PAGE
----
UK stocks fell, paced by British Airways Plc and Carnival Plc as oil climbed for a seventh day in New York. BP Plc and Drax Group Plc led advancing shares.
Standard Life Plc and Scottish & Newcastle Plc pulled the FTSE 100 Index lower as the shares began trading without the right to their latest dividend. Next Plc rallied for a second day on takeover speculation.
The benchmark FTSE 100 lost 1.8, or less than 0.1%, to 6290.80 in London at 12:57 pm. The FTSE All-Share Index lost 0.1% to 3,270.11. Ireland’s ISEQ Index fell 84.02 to 9,294.62.
British Airways, Europe’s third-largest airline, slid 1.3% to 490.5 pence. Carnival Corp., the world’s largest cruise-ship company, fell 1.5% to 2,420 pence.
Crude oil for May delivery gained 2.4% to $64.46 a barrel in after-hours trading in New York on concern a dispute over Iran’s detention of British servicemen could escalate, disrupting supplies from the Middle East.The oil price makes up 30% of total costs for airlines and 15% for shipping, according to Credit Suisse research.
BP, Europe’s second-largest oil company, gained 2% to 554.5 pence. Shell, the region’s largest oil company, rose 1.5% to 1,709 pence. The company said chief executive officer Jeroen van der Veer will continue in the position until 30 June 2009.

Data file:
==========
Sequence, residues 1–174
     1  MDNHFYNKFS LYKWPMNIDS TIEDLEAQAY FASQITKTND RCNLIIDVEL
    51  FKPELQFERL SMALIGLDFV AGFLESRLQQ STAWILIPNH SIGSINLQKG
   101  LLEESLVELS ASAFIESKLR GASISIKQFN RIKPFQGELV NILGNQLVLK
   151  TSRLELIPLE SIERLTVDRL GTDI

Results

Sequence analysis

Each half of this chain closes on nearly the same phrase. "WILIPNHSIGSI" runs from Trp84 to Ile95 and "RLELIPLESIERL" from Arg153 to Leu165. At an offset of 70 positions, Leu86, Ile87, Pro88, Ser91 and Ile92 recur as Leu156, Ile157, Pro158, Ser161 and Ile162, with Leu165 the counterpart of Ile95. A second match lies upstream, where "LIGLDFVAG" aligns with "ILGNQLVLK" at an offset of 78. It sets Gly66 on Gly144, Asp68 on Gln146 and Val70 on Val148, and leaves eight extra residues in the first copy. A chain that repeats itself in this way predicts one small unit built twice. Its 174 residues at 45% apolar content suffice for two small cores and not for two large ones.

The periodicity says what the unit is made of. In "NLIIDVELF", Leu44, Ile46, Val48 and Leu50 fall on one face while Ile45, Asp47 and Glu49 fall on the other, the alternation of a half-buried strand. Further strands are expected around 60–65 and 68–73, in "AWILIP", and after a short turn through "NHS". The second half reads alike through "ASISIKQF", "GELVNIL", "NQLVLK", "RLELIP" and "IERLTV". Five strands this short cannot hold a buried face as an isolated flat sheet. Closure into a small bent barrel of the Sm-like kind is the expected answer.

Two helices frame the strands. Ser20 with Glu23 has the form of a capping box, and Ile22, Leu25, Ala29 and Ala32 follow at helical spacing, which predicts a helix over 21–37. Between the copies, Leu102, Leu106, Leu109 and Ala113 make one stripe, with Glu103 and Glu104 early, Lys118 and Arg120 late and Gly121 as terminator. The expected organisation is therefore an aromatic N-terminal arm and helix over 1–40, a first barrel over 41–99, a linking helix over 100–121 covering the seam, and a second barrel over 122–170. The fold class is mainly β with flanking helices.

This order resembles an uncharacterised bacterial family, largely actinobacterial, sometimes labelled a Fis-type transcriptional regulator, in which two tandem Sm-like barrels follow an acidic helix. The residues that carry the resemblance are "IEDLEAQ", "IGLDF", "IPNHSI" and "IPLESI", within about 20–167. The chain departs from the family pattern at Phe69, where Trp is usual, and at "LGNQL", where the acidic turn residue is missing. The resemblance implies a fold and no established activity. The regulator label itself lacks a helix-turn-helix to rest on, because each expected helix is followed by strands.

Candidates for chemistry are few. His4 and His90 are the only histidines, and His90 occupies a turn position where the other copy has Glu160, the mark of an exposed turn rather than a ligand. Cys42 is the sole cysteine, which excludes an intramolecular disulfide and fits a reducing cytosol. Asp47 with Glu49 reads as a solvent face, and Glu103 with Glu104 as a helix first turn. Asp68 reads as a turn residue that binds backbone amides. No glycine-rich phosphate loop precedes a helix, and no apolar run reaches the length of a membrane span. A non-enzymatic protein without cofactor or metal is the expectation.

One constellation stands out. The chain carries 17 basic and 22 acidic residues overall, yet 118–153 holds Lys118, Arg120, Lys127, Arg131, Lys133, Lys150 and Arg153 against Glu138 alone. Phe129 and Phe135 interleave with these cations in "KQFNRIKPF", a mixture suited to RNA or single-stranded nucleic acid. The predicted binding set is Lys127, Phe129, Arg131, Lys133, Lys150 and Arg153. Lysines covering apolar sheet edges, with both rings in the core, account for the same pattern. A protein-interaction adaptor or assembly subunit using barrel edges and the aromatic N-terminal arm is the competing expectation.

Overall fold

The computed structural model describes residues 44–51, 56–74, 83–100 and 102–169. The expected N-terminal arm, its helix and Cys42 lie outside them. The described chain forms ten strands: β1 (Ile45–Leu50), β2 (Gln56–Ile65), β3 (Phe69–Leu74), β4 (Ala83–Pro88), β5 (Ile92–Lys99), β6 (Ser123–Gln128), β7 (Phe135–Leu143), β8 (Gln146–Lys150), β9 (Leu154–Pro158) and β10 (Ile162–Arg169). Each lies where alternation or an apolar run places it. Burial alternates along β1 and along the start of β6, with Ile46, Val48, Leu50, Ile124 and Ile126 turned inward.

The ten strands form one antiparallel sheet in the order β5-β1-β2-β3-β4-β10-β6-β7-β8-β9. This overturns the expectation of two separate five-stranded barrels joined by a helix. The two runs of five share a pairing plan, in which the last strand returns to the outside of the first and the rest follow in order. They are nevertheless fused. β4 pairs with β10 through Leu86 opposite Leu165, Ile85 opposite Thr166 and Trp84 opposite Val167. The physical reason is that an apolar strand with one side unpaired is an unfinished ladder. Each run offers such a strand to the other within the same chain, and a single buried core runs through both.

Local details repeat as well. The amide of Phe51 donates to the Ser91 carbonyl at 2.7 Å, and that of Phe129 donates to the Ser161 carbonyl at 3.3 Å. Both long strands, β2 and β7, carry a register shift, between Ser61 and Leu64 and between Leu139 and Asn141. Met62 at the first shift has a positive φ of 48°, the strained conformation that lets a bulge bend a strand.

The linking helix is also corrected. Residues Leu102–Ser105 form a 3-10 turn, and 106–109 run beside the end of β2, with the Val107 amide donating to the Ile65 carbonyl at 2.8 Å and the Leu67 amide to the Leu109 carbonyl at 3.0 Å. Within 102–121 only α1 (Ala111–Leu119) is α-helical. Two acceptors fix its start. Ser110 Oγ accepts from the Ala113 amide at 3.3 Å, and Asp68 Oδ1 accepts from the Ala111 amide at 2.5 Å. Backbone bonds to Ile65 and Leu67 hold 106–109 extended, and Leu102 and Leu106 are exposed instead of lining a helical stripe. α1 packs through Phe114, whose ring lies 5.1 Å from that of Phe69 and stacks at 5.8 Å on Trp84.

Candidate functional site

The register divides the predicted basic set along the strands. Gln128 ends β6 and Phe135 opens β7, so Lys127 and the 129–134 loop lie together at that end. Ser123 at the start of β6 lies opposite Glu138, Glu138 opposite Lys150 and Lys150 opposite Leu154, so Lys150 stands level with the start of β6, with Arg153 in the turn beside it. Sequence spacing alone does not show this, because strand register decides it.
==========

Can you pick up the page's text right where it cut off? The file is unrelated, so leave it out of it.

Drax Group Plc, the owner of the UK’s biggest power plant, paced utilities higher, climbing 2.9% to 788 pence. British Energy Group Plc, the UK’s nuclear-power generator, rallied 4% to 473 pence.
“It’s a pure oil-price reaction,” Ian Mitchell, a London- based analyst at JPMorgan Securities Ltd, said by phone. “The general assumption is if oil prices go up, gas prices increase and prices go up for electricity, which is the key revenue-driver for these companies.”
Standard Life, a U.K. insurer, lost 1.5% to 306 pence, one of six companies in the FTSE 100 to trade without the right to the latest dividends.
Scottish & Newcastle declined 3.4% to 528 as its shares trade without the right to a final dividend of 14.44 pence. British Sky Broadcasting Plc, Capita Group Plc, Smith Group Plc and Wolseley Plc are also trading ex-dividend.
Next climbed 4.3% to 2,400 pence, extending yesterday’s 3.3% gain. The shares rose on speculation the UK’s third-largest clothing retailer may receive a takeover bid of 2,500 pence a share.
“Bid rumours have been swirling around Next,” Richard Ratner, an analyst at Seymour Pierce in London, said in a note published on 27 March after UK share trading had ended. “It has been mooted that the management team is behind the rumoured offer.”
Next spokesman Alistair Mackinnon-Musson declined to comment when contacted on 27 March.